It’s no secret that the two-gender system in athletics has been a hot conversation topic as of late. Governing organizations in athletics create policies and test for illegal activities to hold people accountable for their actions. In our progressive society where gender identity continues to evolve and become more visible, many organizations and activities have been encouraged to evaluate and modify their policies.
These changes can create increased opportunities for people who may have been uncomfortable participating in sports previously because of their gender identity.
Many ruling bodies in sports disqualify participants who use testosterone or other androgens commonly used during gender transition or for treatment of a variety of medical conditions, including those living with HIV. Their concerns relate to unfair advantages potentially gained by increased muscle mass as well as other considerations from these “performance enhancing” drugs. They identify the importance of “fair play” along with their policy of inclusion; however, they effectively make the environment either inappropriate or uncomfortable for those athletes who benefit from these particular medical interventions.
The debate between medically enhanced therapy to support people’s health versus artificial enhancements to help people win contests continues today. For both long-term, HIV-positive survivors and transgender athletes, hormone replacement therapy, including the use of human growth hormone, can not only improve the quality of life and happiness for the individual but can also have a significant, positive impact on overall health and length of life.
These drugs are often associated with illegal activities among athletes due to their potential for performance-enhancing effects if taken in higher doses than therapeutically recommended. Unfortunately, those who are prescribed these types of medications are also often rejected when seeking to participate in athletic events.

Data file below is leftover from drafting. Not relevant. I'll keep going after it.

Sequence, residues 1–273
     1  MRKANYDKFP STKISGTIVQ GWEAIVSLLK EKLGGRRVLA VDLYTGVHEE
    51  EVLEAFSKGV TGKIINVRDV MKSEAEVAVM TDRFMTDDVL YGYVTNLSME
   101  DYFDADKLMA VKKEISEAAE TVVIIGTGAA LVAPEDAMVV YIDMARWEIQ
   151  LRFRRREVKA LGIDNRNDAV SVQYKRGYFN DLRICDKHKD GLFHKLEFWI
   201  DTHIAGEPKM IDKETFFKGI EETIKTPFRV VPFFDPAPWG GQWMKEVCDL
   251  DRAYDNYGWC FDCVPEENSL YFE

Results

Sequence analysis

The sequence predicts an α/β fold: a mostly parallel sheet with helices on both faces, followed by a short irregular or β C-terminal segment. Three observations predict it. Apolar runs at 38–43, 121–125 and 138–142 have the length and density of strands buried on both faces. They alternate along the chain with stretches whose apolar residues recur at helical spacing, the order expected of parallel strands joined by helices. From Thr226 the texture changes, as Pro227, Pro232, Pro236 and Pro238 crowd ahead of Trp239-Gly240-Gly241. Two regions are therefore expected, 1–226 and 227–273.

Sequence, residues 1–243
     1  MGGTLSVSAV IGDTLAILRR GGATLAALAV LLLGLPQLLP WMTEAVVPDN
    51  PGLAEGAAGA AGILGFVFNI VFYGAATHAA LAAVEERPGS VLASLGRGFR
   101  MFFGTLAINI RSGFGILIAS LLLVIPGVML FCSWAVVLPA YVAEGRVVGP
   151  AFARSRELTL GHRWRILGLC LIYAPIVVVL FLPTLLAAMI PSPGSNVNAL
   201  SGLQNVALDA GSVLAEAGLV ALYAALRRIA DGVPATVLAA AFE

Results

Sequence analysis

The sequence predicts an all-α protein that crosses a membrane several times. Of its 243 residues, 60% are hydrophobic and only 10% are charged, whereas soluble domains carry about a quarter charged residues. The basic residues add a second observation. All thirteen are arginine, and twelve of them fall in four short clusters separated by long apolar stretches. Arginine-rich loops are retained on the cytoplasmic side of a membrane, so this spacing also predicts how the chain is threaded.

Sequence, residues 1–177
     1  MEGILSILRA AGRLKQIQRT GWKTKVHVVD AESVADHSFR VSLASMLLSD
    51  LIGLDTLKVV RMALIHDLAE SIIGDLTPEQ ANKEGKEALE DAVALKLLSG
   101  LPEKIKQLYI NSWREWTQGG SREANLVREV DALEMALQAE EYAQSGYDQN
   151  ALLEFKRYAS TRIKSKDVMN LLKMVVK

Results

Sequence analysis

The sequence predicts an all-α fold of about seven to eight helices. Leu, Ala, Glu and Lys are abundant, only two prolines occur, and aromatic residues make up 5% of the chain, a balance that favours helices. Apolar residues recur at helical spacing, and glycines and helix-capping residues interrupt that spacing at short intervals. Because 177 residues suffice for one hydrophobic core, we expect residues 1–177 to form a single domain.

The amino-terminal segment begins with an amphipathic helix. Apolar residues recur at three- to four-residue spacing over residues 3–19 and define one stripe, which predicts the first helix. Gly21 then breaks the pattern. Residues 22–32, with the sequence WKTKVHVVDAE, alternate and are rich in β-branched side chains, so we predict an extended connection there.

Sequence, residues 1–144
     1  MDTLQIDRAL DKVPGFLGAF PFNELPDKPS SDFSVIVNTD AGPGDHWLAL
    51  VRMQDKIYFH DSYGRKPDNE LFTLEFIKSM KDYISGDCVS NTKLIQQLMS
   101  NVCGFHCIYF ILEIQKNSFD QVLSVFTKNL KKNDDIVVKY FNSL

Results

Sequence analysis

Creating opportunities to include athletes across the gender spectrum has caused challenges and been the fodder for debate within leadership for a variety of sports. The LGBT Powerlifting Union was the first organization to adopt an evolutionary stance on including participation of those who may not follow the binary gender system or may rely on medications that are generally considered illegal in many sports.
This union has been identified as one of the pioneers in LGBTQ inclusion within athletes with their efforts to create additional opportunities in the sport of powerlifting for people across the queer spectrum. They set themselves apart from other governing organizations in a few ways.
Focus is placed on developing guidelines to encourage the inclusion of the wide variety of gender expressions in the LGBTQ community and those individuals who may have been unable to compete previously due to utilizing potentially performance-enhancing drugs for gender modification purposes or treating chronic conditions like HIV.
There is little consensus about the most effective or fair ways to deal with these challenges. Many athletic organizations are faced with scrutiny regarding their policies to be responsive how their policies address changing needs of athletes wishing to compete. Unfortunately, change often happens slowly.
For example, USA Powerlifting describe themselves as an “inclusive organization for all athletes and members who comply with its rules, policies, procedures, and bylaws.” They later go on to acknowledge that they are “not a fit for every athlete and for every medical condition or situation.” This statement refers to eligibility requirements that impact the participation of transgender individuals and other athletes in events sanctioned by USA Powerlifting.